Skills, education, and the rise of earnings inequality among the “other 99 percent”

Income Distribution, May 2014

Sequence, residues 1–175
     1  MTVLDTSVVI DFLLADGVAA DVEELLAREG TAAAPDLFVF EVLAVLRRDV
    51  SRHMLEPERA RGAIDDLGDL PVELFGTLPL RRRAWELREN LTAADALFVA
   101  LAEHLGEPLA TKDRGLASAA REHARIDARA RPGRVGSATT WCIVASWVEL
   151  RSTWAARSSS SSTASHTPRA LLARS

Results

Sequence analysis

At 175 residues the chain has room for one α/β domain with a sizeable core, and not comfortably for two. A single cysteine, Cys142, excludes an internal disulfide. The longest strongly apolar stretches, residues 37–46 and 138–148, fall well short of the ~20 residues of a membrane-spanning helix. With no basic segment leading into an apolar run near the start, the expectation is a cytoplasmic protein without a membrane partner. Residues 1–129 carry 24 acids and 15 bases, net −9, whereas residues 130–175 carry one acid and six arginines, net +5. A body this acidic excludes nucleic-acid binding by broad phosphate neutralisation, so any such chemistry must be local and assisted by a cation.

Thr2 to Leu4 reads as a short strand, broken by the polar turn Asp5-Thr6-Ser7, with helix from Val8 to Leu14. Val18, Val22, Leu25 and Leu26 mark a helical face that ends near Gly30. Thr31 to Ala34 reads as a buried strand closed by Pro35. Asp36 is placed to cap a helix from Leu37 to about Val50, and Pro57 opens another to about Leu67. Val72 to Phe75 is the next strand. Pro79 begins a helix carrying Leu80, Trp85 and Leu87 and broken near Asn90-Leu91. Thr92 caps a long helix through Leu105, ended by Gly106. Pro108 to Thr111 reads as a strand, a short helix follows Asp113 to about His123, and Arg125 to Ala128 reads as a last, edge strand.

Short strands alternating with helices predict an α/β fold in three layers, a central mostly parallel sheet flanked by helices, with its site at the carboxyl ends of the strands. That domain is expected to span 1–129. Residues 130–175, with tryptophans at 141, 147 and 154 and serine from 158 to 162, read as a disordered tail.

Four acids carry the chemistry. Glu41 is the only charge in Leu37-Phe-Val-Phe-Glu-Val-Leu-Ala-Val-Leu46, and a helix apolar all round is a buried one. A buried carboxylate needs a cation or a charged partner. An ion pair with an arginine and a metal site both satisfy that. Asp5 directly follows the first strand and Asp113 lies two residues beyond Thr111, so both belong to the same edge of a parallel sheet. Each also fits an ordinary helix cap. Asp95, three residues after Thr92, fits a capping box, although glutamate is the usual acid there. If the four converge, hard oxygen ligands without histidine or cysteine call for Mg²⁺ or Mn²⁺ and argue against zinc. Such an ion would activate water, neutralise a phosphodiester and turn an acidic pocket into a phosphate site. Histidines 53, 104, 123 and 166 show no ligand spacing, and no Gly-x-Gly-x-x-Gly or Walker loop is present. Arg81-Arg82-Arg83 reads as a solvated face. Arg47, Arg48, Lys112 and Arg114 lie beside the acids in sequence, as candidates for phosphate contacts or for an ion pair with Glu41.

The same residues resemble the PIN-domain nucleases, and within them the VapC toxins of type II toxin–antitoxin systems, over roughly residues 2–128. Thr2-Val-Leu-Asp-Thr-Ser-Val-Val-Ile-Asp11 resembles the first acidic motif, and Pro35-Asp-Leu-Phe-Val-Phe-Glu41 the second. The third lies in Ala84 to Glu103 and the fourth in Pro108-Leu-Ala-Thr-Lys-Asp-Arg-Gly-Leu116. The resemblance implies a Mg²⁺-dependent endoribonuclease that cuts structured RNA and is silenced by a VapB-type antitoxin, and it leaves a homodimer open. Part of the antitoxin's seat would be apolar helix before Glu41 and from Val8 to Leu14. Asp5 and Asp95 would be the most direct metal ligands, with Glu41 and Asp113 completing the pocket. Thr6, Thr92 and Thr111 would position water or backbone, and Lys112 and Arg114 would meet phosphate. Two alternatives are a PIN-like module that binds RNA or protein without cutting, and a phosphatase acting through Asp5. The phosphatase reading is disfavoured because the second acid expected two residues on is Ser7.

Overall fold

The sin­gu­lar focus of pub­lic debate on the “top 1 per­cent” of house­holds over­looks the com­po­nent of earn­ings inequal­ity that is arguably most con­se­quen­tial for the “other 99 per­cent” of cit­i­zens: the dra­matic growth in the wage pre­mium asso­ci­ated with higher edu­ca­tion and cog­ni­tive abil­ity. This review by SEII’s David Autor doc­u­ments the cen­tral role of both the sup­ply and demand for skills in shap­ing inequal­ity, dis­cusses why skill demands have per­sis­tently risen in indus­tri­al­ized coun­tries, and con­sid­ers the eco­nomic value of inequal­ity along­side its poten­tial social costs. I con­clude by high­light­ing the con­struc­tive role for pub­lic pol­icy in fos­ter­ing skills for­ma­tion and pre­serv­ing eco­nomic mobility.